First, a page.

The problem lies soley on Dans shoulders for the way this cd came out though. It went from a collabo with Epik, for Epiks project which already hit a few speed bumps. Interscope wouldn't clear the collabo Epik did with The Game for less than a zillion dollars so THAT got shelved, then he did a joint with Lil Flip that never saw the light of day either? Either way you add those 2, and a song with G Rap over a Premier beat you're looking at a tracklist that would interest a lot of people. These problems mount up and Domingo lends a helping hand, all the while trying to reach around into his pockets with the other, I mean a producers gotta eat right? That's why this cd ended up the way it did. Dan ran out of money and couldn't live up to his end of the deal financially or finally didn't want to lose any more of his money. He had no business trying to do this on his own anyway. Drama ensues, Domingo and Dan go back n forth, neither one of em are very stable and i'm almost certain G Rap just stepped aside. The only tracks that were made for this cd were the Premier track, 100 rounds, and Whats more Realer than that."

That's pretty damning stuff, and what you hear on the CD (this was a CD-only release, of course) does a good job of confirming the story above - it sounds like a non-album glued together out of little bits. The only shout-outs in the album liner notes, even, are from Herman, and say simply, "Dedicated to anyone who ever made something out of nothing! Half a Klip is the definition of that." It certainly is. Even when this was going to be just a seven song EP, I think they would've come pretty short. But stretching this out to a full-length album hurts it a lot more.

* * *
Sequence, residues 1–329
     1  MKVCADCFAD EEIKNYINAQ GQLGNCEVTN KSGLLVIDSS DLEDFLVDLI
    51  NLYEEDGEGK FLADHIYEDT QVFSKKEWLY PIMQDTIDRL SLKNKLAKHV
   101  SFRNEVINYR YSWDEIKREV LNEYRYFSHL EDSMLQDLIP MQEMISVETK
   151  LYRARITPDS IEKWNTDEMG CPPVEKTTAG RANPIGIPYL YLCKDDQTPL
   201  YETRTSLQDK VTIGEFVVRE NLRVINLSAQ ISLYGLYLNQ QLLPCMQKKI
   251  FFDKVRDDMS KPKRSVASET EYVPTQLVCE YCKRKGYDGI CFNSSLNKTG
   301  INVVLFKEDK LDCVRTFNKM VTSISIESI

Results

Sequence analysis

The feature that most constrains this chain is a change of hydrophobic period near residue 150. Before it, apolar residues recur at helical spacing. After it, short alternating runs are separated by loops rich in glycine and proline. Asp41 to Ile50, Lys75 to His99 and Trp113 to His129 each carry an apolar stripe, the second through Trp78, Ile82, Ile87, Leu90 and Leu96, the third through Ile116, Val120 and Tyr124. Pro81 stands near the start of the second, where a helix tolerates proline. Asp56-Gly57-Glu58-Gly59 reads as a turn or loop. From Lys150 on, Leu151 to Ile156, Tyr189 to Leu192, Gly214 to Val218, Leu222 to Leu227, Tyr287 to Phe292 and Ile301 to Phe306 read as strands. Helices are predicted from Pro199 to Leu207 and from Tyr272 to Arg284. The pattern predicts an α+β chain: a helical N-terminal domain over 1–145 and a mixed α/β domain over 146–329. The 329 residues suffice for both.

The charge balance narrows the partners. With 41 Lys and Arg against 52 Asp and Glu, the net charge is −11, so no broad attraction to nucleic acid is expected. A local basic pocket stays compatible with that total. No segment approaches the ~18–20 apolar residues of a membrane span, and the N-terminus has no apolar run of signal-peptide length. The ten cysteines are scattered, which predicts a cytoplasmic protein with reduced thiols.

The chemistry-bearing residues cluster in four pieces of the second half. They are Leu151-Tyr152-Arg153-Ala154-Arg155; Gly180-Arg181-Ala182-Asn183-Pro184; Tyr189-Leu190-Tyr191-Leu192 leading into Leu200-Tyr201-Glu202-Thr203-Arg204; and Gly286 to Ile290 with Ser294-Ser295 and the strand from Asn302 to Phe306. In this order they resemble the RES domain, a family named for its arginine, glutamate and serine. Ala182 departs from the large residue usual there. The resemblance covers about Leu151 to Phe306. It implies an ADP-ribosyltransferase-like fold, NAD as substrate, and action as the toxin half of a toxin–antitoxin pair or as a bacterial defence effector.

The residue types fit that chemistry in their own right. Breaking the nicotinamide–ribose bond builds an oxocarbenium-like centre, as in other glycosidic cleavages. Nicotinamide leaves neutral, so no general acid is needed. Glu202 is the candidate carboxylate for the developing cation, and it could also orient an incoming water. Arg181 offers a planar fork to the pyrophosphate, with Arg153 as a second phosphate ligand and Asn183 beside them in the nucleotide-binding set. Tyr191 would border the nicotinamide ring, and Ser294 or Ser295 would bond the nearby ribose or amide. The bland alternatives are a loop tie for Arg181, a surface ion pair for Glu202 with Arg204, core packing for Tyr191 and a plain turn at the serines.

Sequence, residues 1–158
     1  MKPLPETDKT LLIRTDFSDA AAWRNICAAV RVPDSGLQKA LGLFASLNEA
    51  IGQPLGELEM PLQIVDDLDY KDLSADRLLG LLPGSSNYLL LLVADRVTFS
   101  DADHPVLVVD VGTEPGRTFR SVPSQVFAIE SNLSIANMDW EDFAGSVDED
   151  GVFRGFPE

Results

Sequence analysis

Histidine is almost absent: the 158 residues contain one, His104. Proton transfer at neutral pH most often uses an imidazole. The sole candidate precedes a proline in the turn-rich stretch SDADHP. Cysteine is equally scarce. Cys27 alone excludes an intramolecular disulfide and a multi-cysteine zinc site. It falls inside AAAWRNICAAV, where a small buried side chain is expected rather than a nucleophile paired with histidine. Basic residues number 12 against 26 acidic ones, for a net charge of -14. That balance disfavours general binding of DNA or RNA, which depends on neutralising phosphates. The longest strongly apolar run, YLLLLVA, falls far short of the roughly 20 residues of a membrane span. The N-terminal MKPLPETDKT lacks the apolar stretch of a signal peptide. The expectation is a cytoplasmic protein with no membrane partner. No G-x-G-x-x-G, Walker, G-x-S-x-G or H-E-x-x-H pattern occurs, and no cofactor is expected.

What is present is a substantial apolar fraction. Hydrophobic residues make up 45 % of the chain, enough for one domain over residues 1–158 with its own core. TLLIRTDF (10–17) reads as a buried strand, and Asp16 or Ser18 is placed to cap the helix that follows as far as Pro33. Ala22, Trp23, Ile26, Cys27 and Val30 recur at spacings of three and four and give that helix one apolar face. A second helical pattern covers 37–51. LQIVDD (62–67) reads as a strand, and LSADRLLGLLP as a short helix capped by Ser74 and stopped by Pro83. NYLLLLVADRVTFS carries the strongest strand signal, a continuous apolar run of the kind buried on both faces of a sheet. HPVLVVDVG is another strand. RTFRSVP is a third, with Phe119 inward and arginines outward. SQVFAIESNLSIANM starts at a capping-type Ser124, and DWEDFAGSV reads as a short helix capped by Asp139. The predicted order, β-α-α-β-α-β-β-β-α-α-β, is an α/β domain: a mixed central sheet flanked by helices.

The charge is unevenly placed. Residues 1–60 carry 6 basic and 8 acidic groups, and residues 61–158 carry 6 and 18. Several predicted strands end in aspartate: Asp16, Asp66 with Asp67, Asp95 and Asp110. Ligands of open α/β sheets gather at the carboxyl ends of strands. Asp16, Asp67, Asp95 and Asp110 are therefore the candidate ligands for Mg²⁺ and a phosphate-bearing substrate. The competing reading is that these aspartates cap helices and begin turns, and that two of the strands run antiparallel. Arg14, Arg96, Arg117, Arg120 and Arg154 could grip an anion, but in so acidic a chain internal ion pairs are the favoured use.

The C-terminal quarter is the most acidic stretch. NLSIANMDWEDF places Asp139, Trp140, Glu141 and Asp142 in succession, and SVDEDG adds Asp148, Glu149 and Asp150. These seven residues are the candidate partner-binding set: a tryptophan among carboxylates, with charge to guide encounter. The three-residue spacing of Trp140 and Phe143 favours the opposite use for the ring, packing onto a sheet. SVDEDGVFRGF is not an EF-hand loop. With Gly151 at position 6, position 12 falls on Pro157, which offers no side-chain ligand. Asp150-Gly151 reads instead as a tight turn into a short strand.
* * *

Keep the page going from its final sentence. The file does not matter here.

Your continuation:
So, what does all this mean? Is this there any value to this album at all? Yeah, the Premier track is dope, musically and lyrically. Domingo and G Rap have three solid numbers on here, "The Life" is a compelling narrative from the master storyteller, and everything else here is at least decent. It's still Kool G Rap, he never comes wack. And most of this album is new and exclusive material. It's definitely his weakest album and probably holds up worse now than it did at the time (googling around, this album actually got a lot of surprisingly uncritical reviews). Ranked against other G Rap albums, this one definitely lives at the bottom; but try and listen to "Typical Nigga" or "What's More Realer Than That" without nodding along. This is still worth having for any G Rap fan - I'm certainly happy to have my copy. But if you don't already consider yourself a fan, this is absolutely not the album to dust off in 2014 (wow, it's only six years old); and even diehards are going to feel some disappointment mixed into their listening experience.


  1. A great and interesting read, Werner. Kudos for doing this during the holidays.

  2. I remember on his myspace they said if you bought the download through myspace you would get 3-4 more bonus tracks. "extended klip" or something like that. I think it was mostly stuff that had leaked on mixtapes at least.

  3. And here it is via the internet wayback machine:


    Featuring..Busta Rhymes..Bun B..Killa MIke

    Production by..Marley Marl..Domingo..Dj Premier..Moss




    1.Risin Up-Produced by Domingo
    2.Turn it Out-Produced by Childs
    3.100 Roundz (original version)-Produced by Domingo
    4.The Life-Produced by Moss
    5.Typical Nigga-Produced by FrankDukes
    6.What's more realer then that(Deranged mix)-Produced by Domingo
    7.I feel bad for you son-produced by Nomadic
    8.With a bullet-Produced by Marley Marl
    9.On the rise again(dirty)-Produced by Dj Premier
    10.What's more realer then(Original mix)-Produced by Marksbeats
    11.On the rise again(clean)-Produced by Dj Premier
    12.Unda the wing-Produced by EuroBeats
    13.You aint worthy-Feat. Busta Rhymes-Produced by Green Lantern
    14.Risin up(original mix)-Produced by Domingo
    15.Real o.g.'s-Feat. Bun B.-Killa Mike-Produced by My dude

  4. Very interesting! Good find, guys; I did not know about that at all.

  5. The Primo and Marley tracks are out on (bootleg) vinyl:


    S m O O v

  6. The original version of Rising Up can be heard here:


    S m O O v

  7. The rest are on J-Love and and Whoo Kid mixtapes (I think the latter was official). Not sure if untagged/J-Loved versions are out there.